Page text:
Problems Clearing the Circle

Problems Clearing the Circle

I'm in the U.S., coaching a team of 11-12 year olds, with 1-2 years of experience. Defending the circle, when the ball is loose, my players are not getting control of the ball to hit out of the circle. It's congested with opponent and my team's players. If my players get control, they lose it quickly. If the opponent has control, my players aren't very good at taking the ball or stopping the opponent from taking a shot. Luckily we have a good goalie but she can only do so much. (Full disclosure: I didn't play FH but have a decent understanding of the game. No one else in my community would step up to coach so it's fallen to me.)

Brandon CowartCoach, United States of America
Mick MasonCoach, Australia

G`day Brandon

There are 2 parts to your puzzle....

A good start with young players is to work on their protection of the ball in small games with emphasis on possession. There are heaps of rondo games that can help you with this. The lesson they have to learn is that to "hit" a ball you have to take your stick off the ball and this leaves it open to being stolen. Work with the games to get the kids to see how pushing or just plain running away with the ball will result in fewer turnovers. A good tactic to work in to your plays is to have defenders who are playing in the centre or right side of the field to carry the ball away to the right while protecting the ball with their body position. Once they are out of the congestion and have the time they can then aim a good push or a hit to a team mate and get the counterattack going.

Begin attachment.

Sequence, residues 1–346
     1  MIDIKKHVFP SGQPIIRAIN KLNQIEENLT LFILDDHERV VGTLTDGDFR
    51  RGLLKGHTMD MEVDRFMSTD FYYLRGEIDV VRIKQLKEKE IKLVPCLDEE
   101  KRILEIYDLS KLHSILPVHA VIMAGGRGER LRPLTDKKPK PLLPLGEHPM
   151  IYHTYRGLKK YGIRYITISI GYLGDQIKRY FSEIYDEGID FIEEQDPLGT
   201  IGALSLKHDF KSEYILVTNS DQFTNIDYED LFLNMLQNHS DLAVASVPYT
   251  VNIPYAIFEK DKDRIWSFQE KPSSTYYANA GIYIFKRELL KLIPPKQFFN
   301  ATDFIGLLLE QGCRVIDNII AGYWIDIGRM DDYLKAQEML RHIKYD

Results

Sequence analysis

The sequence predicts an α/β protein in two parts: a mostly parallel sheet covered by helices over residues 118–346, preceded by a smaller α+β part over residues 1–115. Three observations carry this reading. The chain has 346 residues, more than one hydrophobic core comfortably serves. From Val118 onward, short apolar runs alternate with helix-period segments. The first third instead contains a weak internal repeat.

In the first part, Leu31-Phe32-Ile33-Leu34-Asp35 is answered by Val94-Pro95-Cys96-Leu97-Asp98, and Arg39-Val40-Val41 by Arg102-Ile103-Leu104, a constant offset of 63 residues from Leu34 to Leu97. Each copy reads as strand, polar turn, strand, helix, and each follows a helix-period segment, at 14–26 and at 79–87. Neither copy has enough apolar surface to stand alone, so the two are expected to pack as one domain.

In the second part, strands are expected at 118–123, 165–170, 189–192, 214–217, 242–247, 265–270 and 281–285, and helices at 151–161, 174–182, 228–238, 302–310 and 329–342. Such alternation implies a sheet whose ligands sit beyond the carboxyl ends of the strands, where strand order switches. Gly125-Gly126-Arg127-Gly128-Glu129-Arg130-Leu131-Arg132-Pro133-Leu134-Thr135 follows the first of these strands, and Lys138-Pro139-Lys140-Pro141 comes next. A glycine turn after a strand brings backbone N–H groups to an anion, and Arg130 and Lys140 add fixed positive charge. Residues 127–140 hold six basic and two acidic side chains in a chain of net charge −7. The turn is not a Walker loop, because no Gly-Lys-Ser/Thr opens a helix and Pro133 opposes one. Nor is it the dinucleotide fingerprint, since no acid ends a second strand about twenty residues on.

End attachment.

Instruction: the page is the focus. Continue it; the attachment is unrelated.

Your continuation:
In respect to getting the ball back, the players need to learn how to tackle properly and when to tackle. Racing in with the stick out and reaching for the ball is what most kids do instinctively (and many adults) and it is the least likely tactic to succeed. When learning and with limited experience, tackling players should try where possible to come in slightly on their left of the player they wish to tackle, encouraging the ball carrier to move to the defenders right and putting them on the side where your tackle is more effective. It is safer, coming in from the other side exposes kids to the swinging stick follow-through, and we see how much younger players love to swing. Also this is preferred for all attackers in the centre of the pitch or coming down the right side (from the defenders perspective). As the players develop skills they can then come in from the right (for attackers coming down the left) and do much the same thing but it is a harder skill and is more easily countered, and they must be aware that if they fall behind the attacker they are in line with the swinging stick if the attacker chooses to hit. Be sure to coach the players to never come in directly in front, this allows the ball carrier to decide which way around they want to go and makes it easier for them. Have the defender decide where the attacker will run and half the battle is won already. Have your players hold their stick close to themselves, protecting their feet as they move in on the ball, not hanging it out telegraphing to the ball carrier how long your reach is, and when they see the opportunity to reach for the ball they do so with a poking motion. The tackler can be backing up, often is, with their left shoulder forward more, almost inviting the attacker to go down the attackers left. The object in the first instance is not necessarily to come away with the ball, but to deny the ball to the opposition. Knocking it off the head of their stick first, then grabbing it and running away or passing. This channelling drill has all this going on....

As with most things hockey there is considerable nuance to a lot the decision making as skills and experience build up, but this is good basic hockey that will work for them and still be useful many years into the future.

Hope this helps



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